Paleontology in the news

Some interesting articles published in Science this week have been getting a fair amount news coverage. First is a report by Alan Turner, Peter J. Makovicky, and Mark A. Norell on the presence of feather quill knobs in the dinosaur Velociraptor. In modern birds these are evenly-spaced bumps on the forearm bones to which the secondary (flight) feathers attach.

The presence of feathers in Velociraptor is not a huge surprise. Velociraptor is a member of the family Dromaeosauridae, which is very closely related to the birds. A small unnamed dromaeosaur from China shown at the top of the page has a fairly dense covering of down-type feathers.

Many paleontologists have suspected that most if not all of the dromaeosaurs were feathered, as shown in the reconstruction above of Dromaeosaurus (on exhibit at the Canadian Museum of Nature in Ottawa.) But this paper is the first direct evidence of secondary feathers in a large dromaeosaur.

The abstract of this paper is available here; the figure from the paper showing the forearm bone is here.

The second paper is by 10 authors; the lead author is Matthew W. Tocheri of the Smithsonian. This paper concerns the validity of the hominid species Homo floresiensis, popularly known as the “hobbit.” To review, H. floresiensis was based on a tiny skeleton of a remarkably small-brained human from the island of Flores in Indonesia. What’s especially striking is that it is associated with stone tools, and survived until as recently as 13,000 years ago. The original authors suggested that the hobbits were directly descended from Homo erectus, and were an example of island dwarfism.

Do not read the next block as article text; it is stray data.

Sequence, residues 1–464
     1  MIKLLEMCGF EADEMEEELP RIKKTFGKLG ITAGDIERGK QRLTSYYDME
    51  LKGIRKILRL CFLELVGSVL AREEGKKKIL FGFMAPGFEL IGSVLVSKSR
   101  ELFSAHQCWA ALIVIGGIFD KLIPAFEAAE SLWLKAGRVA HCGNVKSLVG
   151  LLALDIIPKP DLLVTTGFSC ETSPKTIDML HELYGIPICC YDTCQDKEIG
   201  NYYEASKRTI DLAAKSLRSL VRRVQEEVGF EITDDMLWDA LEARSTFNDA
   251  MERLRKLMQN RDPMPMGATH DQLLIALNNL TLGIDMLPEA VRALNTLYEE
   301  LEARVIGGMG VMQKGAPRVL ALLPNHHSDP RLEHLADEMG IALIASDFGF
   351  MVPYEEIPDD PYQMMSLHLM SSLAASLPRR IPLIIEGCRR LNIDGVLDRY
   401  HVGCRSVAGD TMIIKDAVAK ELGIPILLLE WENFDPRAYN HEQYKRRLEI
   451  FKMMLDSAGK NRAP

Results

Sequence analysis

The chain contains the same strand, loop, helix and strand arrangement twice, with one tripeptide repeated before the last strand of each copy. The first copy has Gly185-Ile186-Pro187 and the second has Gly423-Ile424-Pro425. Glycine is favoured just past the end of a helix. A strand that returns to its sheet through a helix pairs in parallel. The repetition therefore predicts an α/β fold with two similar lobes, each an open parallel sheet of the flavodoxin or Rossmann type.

Since the original description in 2004 there has been a raging debate as to the status of H. floresiensis. A substantial number of workers believe that the only known complete skull actually represents a microcephalic modern human. A number of papers have been published supporting each viewpoint, and the new article by Tocheri et al. is the latest. This paper reports on H. floresiensis wrist bones (carpals). According to Tocheri et al. the wrist is more primitive than either modern humans or Neandertals, eliminating the possibility that the hobbit is a microcephalic human.

These results are already being disputed (see the comments of Penn State’s Robert Eckhardt in this NY Times article). There is some dispute about the amount of variation in the wrists of modern humans; it’s possible that the shape of the hobbit carpals falls within the range of what’s observed in modern humans. It looks like this debate is going to continue.

The abstract of Tocheri et al. is available here; their figures of the wrist bones are here.

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